TESS NEWTON CAIN |
Last minute reprieve for Pacific Islands Forum unity
Just as we thought it was all over for the Pacific Islands Forum (PIF), the Micronesian leaders have delivered what looks like a reprieve.
The Micronesian Presidents’ Summit has reached a consensus to put their withdrawal from the PIF on a ‘pause’. The Federated States of Micronesia (FSM) followed up with an official note to the government of Fiji (as a repository for the PIF) that they were suspending their withdrawal from the group. This came just days before their exit process was due to be complete. We can expect similar notifications to come from the other countries that activated their withdrawals last year: Kiribati, Marshall Islands, Nauru, and Palau.
President Panuelo of FSM subsequently told the ABC that this shift resulted from a promise on the part of the PIF negotiators that the current Secretary-General, Henry Puna, would step aside to be replaced by a Micronesian candidate.
Blinken meets with leaders of Fiji and the Pacific region
United States Secretary of State, Antony Blinken, spent Saturday in Fiji. He and his delegation held bilateral talks with Fijian officials. However, Prime Minister Bainimarama was not present. He remains in Australia where he is recovering from heart surgery.
Blinken also held a virtual meeting with leaders from across the Pacific. However, this meeting was not convened within Pacific Islands Forum processes and the Secretary of State did not meet with anyone from the Forum Secretariat.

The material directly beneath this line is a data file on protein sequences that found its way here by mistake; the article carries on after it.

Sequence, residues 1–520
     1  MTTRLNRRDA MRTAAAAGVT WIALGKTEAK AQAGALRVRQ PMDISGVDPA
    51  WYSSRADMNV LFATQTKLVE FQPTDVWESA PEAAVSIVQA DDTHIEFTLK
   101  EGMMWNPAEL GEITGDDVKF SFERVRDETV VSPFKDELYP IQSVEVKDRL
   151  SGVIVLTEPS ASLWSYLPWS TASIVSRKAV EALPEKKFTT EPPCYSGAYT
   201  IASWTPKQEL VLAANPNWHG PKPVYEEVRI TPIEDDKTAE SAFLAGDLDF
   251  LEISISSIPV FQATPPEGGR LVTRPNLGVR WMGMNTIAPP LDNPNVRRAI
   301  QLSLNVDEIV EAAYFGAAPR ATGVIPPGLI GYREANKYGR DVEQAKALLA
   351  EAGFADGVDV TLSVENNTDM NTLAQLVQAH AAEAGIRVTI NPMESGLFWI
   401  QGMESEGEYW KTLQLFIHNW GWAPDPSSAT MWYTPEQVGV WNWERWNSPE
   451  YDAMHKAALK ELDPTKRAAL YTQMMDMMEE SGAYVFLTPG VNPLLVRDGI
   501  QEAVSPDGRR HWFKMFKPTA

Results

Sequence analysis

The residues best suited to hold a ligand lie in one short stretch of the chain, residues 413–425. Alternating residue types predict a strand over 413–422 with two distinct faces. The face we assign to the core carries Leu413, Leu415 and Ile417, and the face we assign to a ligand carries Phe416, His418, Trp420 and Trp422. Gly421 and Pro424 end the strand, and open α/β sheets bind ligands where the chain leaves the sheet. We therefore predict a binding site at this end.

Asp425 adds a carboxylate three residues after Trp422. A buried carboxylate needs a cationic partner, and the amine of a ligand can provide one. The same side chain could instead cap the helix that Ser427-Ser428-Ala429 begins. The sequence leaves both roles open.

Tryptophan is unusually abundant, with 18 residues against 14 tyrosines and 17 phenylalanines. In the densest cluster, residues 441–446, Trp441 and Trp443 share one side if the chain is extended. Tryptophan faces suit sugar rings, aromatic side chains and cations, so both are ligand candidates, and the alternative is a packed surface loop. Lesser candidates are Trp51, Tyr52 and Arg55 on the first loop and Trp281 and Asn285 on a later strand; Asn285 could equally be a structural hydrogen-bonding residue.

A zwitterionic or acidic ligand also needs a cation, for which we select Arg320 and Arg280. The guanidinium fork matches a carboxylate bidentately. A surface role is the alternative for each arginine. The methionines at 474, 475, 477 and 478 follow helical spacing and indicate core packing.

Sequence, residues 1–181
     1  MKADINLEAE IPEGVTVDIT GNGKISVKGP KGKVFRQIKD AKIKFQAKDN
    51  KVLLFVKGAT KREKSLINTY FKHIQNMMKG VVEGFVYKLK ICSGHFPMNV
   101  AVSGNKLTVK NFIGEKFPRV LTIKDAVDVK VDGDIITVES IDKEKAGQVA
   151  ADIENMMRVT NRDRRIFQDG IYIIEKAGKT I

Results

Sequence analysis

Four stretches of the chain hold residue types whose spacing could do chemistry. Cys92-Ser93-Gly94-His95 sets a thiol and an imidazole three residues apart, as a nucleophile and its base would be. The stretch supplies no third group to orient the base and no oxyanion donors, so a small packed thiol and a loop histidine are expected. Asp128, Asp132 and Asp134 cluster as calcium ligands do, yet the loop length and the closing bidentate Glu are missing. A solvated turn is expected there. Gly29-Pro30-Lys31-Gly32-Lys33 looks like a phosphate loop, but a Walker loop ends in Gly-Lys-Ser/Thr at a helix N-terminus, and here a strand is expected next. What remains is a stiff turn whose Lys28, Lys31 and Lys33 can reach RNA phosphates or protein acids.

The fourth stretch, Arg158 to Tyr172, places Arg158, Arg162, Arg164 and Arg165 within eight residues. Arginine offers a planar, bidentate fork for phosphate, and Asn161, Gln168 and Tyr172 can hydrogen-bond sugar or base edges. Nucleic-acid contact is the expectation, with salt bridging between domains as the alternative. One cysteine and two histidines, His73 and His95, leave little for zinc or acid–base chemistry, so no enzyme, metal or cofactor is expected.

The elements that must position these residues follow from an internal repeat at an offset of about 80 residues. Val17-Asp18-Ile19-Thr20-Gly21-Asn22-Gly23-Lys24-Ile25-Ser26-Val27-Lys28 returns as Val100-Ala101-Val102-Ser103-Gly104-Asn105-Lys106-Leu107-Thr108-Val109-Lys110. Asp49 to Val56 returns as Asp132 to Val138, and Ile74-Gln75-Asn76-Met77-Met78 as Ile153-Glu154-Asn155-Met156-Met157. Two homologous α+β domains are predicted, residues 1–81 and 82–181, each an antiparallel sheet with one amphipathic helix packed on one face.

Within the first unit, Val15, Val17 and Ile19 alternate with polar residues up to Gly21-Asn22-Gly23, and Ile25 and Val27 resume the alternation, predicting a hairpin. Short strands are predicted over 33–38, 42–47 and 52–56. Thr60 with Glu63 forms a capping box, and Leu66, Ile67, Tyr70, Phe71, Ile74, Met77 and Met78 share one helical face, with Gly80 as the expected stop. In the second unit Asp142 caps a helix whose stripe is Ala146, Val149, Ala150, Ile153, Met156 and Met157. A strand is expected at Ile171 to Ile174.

During the visit, the Secretary of State announced that the US would establish a new embassy in Honiara. This was welcomed by Solomon Islands’ Foreign Minister, Hon. Jeremiah Manele, who attended the virtual forum in place of Prime Minister Sogavare. However, there was no announcement as to a new ambassador for Fiji since the departure of Joseph Cella over twelve months ago.
Tropical Cyclone Dovi
Tropical Cyclone Dovi has left a trail of damage and destruction across both Vanuatu and New Caledonia. Although it did not get above Category 2 as it progressed, it brought a huge amount of rain to an already sodden region. The cyclone has now moved to New Zealand.
There was extensive localised flooding in both Vanuatu and New Caledonia. The Vanuatu Mobile Force was called on to assist in evacuating people whose homes were completely inundated in the peri-urban areas of Teouma and Prima on the outskirts of Port Vila. Both domestic and international travel was disrupted.
The cyclone has exacerbated the effects of the La Nina system that is currently affecting the region. Huge amounts of rainfall have left crops and gardens waterlogged. There are significant infrastructure concerns as well with bridges and roads being undermined.
Cyclone season for the Pacific ends on April 30th.
Panguna to reopen on Bougainville
The President of Bougainville, Hon Ishmael Toroama, has announced that the copper and gold mine at Panguna will reopen. This comes further to agreement by and among all the landowning groups that are stakeholders in the mine.
This mine has a long and chequered history. Having previously been the largest contributor to Papua New Guinea’s economy, it became the flashpoint for a decade-long civil war. There are ongoing issues around environmental damage that the mine’s previous operators, Rio Tinto, have yet to fully address.
Toarama has argued that the reopening of the mine is a key part of how Bougainville can achieve and sustain its independence. However, others have argued that the mine should remain closed and that more energy should be put into rejuvenating agriculture and exploring tourism opportunities.
The news that the mine would reopen was welcomed on the stock market. Shares in Bougainville Copper Limited rose by over 120% on the ASX listings.
Tess Newton Cain is an Adjunct Associate Professor at the Griffith Asia Institute and project lead of the Pacific Hub.